Anorak News | The Day The Music Died

The Day The Music Died

by | 23rd, November 2004

‘“SO, bye, bye, En-English pie, Got the chauffeur to drive to Prada, while the husband was away…”

A face to fall back on

Yes, folks, if you have to tears to shed, prepare to shed them now for today really is the day the music died.

The Star announces (appropriately, not on Page 1) that Victoria Beckham has called time on her pop career because she has “lost the passion” for singing.

“I know that I could never become the best singer in the world,” she says. “I am conscious of that.”

No, Vicky, don’t be so hard on yourself. The only reason you couldn’t become the best singer in the world was because you already were the best singer in the world.

Who amongst us could forget, er, that song you did with Dane Bowers and, er, the other one you did?

But the pop world’s loss is the fashion world’s gain as the mother-of-two prepares to launch a second career as a clothes designer.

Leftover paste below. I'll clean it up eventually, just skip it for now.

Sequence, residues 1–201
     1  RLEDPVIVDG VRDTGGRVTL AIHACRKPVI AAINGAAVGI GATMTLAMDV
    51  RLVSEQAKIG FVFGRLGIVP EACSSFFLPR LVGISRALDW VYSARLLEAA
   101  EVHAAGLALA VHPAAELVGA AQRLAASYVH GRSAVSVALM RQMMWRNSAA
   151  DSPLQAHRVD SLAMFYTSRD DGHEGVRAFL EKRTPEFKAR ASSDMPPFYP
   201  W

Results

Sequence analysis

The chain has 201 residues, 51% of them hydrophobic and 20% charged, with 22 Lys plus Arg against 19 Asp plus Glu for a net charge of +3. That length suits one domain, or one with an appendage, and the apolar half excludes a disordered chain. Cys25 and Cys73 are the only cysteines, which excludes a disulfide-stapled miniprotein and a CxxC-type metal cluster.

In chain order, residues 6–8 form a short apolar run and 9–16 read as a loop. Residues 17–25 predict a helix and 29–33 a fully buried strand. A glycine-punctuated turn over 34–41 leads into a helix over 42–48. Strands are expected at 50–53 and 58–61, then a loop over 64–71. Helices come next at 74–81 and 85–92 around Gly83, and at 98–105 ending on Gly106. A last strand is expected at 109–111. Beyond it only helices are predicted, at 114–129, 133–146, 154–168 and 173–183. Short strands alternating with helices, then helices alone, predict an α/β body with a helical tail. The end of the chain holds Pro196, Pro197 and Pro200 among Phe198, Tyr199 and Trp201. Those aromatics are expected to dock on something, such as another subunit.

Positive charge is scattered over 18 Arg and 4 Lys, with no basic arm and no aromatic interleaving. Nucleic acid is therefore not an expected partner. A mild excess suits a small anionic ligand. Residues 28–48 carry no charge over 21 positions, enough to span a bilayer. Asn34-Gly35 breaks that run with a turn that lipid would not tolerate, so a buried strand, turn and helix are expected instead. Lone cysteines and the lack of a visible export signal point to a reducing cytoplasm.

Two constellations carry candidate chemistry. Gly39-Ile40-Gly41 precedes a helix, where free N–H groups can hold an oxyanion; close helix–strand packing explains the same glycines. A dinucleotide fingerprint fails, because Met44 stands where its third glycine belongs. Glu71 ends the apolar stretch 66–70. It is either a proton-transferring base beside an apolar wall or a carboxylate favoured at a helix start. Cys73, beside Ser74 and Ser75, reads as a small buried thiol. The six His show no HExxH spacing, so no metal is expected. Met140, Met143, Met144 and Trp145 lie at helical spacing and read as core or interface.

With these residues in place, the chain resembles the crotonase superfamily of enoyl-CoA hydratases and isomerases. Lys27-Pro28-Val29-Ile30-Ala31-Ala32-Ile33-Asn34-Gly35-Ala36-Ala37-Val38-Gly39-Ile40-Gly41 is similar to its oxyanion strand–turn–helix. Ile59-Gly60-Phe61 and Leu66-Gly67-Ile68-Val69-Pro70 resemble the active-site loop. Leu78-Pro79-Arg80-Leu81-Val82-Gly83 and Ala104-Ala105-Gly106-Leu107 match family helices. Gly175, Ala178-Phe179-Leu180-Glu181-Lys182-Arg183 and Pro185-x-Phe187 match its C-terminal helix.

“Everything to do with fashion comes naturally to me,” she says. “I’m living in Spain and I have two sons. This takes up most of my time.

“The rest is taken up with design which is my great passion in life.”

In fact, so busy is Vicky creating a new range of Comfi-Slax for Anorak that she doesn’t have time for such mundane tasks as wheeling a shopping trolley around a supermarket.

The Mirror accuses the former Spice Girl of being “too Posh to push” as it spots her bodyguard trailing behind her with her (suspiciously empty) trolley.

Dedicated Posh watchers will note that, aside from her bodyguard, she has her three favourite accessories with her – her sunglasses, her handbag and her pout.

“Some said she had lost it after the allegations about David’s infidelity, but it is definitely back,” says the Mirror, “and the star is said by friends to be ‘very happy’.”

And why not? If her fashion career goes the same way as her pop career, at least she’ll always have the pout to fall back on…’

Posted: 23rd, November 2004 | In: Tabloids Comment | TrackBack | Permalink